Unfortunately, there's no clear-cut answer to those questions. With approximately 50 million children and adolescents participating in organized sports, we need more studies of their effects on development and outcomes later in life. What we do know is that while children are generally acquiescent and seem happy when involved in sports, there are an increasing number of sports-related injuries (nearly 3 million emergency room visits per year for those ages 5 to 24) and a 70 to 80 percent attrition rate from the sport by the time a child is 15 years old, according to a 2013 report in the Journal of Sports Medicine. Many kids "burn out" and become discouraged from further competition or worse, may turn away from sports activity altogether.

My own life experience is a case in point. I never intended to play professional sports and, thanks to my parents, I didn't need a scholarship to finance my college education. I played sports because I liked to and I believe that I benefited from the hard work and discipline entailed, in addition to the enjoyment that I got out of it. My father loved sports, and gaining his approval also likely factored into my motivation to play competitively. (Parental approval can be crucial in motivating children to pursue athletic competition.) When I aged out of team sports, I took up tennis and still play avidly. My son, on the other hand, played one year of collegiate tennis, then quit to focus on his studies. He's hardly picked up a racket since.

Whether I pushed my son too hard or the hyper-competitive culture of his youth is to blame, young people face a drastically different set of opportunities and challenges than in prior generations. The modern era, with the growth of the entertainment industry, the obsessive fascination with celebrity culture and enormous amounts of money paid to sports figures in this country, has changed the game (no pun intended) with regard to why kids play sports (or are encouraged to play by their parents).

The results can be profound, as we well know from historical examples of children exploited for adult purposes – usually financial. While child labor was outlawed in the U.S. in 1938, we have continued to see adverse outcomes for some children yoked to professions too early in their lives – entertainers like Judy Garland, Tatum O'Neal and Gary Coleman. More recently, we have seen similar sequelae in sports stars, such as Tracy Austin, Jennifer Capriati, Bjorn Borg, Tiger Woods and Jonny Manzel. On the other hand, there are many examples of children guided by their parents to great success and ostensible happiness such as Venus and Serena Williams, Novak Djokovic, Jack Nicklaus and Lebron James.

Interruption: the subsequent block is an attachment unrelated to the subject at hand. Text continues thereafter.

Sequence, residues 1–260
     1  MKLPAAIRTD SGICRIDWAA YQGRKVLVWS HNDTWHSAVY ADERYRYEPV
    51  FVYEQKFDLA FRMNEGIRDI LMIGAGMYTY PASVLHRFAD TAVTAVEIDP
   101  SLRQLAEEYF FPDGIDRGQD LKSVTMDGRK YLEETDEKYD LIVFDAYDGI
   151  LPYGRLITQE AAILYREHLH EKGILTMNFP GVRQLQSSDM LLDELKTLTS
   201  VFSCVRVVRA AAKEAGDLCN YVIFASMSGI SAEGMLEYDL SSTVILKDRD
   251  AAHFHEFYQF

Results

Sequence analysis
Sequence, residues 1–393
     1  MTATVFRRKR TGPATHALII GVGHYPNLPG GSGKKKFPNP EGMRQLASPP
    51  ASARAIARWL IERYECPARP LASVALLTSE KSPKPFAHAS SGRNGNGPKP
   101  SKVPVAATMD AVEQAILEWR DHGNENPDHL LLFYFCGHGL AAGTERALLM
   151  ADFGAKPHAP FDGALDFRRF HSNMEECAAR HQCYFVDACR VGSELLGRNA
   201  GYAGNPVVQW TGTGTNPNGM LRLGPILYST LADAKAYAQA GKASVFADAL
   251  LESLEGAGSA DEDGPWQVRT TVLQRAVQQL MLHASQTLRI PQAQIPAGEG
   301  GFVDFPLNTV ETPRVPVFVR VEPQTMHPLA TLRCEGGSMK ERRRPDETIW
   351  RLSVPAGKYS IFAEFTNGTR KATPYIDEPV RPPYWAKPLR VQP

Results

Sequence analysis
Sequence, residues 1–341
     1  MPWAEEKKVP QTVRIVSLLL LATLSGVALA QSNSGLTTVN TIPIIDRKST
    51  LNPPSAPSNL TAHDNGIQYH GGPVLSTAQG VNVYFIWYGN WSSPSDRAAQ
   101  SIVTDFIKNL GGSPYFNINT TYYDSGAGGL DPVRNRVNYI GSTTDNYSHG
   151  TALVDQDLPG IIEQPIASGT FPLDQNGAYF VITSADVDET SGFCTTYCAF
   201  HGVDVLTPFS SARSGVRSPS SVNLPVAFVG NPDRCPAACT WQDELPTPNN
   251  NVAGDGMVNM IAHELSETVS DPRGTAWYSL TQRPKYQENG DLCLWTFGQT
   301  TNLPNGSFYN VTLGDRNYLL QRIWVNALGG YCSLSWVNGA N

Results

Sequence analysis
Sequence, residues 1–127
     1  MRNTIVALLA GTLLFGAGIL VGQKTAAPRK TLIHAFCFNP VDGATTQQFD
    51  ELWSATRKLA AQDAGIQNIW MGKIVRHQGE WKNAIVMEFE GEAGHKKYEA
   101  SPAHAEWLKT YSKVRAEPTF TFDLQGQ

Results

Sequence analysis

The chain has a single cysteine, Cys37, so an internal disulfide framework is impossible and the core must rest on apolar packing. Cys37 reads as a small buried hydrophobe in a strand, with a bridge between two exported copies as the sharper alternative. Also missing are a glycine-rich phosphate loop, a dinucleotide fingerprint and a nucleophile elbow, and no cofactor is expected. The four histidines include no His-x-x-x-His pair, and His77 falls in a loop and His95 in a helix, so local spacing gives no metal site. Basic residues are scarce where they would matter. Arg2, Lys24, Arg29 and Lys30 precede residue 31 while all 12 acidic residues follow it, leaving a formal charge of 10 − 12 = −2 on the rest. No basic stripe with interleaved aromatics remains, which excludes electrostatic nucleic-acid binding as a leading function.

The worlds of recreational and competitive sports have evolved and, in many ways, merged for our youth. Parents, educators and sports administrators should take heed and seek ways to support and reduce the stress on kids even as they strive for their ultimate success. Participation in competitive sports – particularly at elite levels – can have adverse consequences. Parents should be vigilant to signs of behavioral stress such as disturbed sleep and eating habits, irritability, extreme moodiness, social withdrawal, excessive anxiety and worry.

Until we have more research on the benefits and risks of hyper-competitive sports for children, parents (and coaches) should:

  • Practice positive parenting by placing appropriate praise and emphasis on fun more than winning;
  • Encourage goals of skill acquisition rather than just winning;
  • Provide positive reinforcement – in other words, rewarding the good rather than punishing the bad – in practice and competitive events;
  • Encourage behaviors such as sportsmanship, fair play and preparedness, as in proper clothing, equipment, rest and hydration; and
  • Obtain regular physical and psychological exams by their pediatrician.
  • We can also help coaches develop and guide their young charges in ways that minimize adverse effects by:
  • Providing coaches with materials and courses in best practices;
  • Providing safety education and enforce safety rules and use of proper equipment and facilities; and
  • Adapt new guidance from the latest scientific research as it becomes known.

Playing competitive sports from an early age can be immensely gratifying and beneficial if the athletes, parents and coaches maintain an emphasis on fun, and a balance between physical fitness, psychological well-being and lifelong lessons for a healthy and active lifestyle.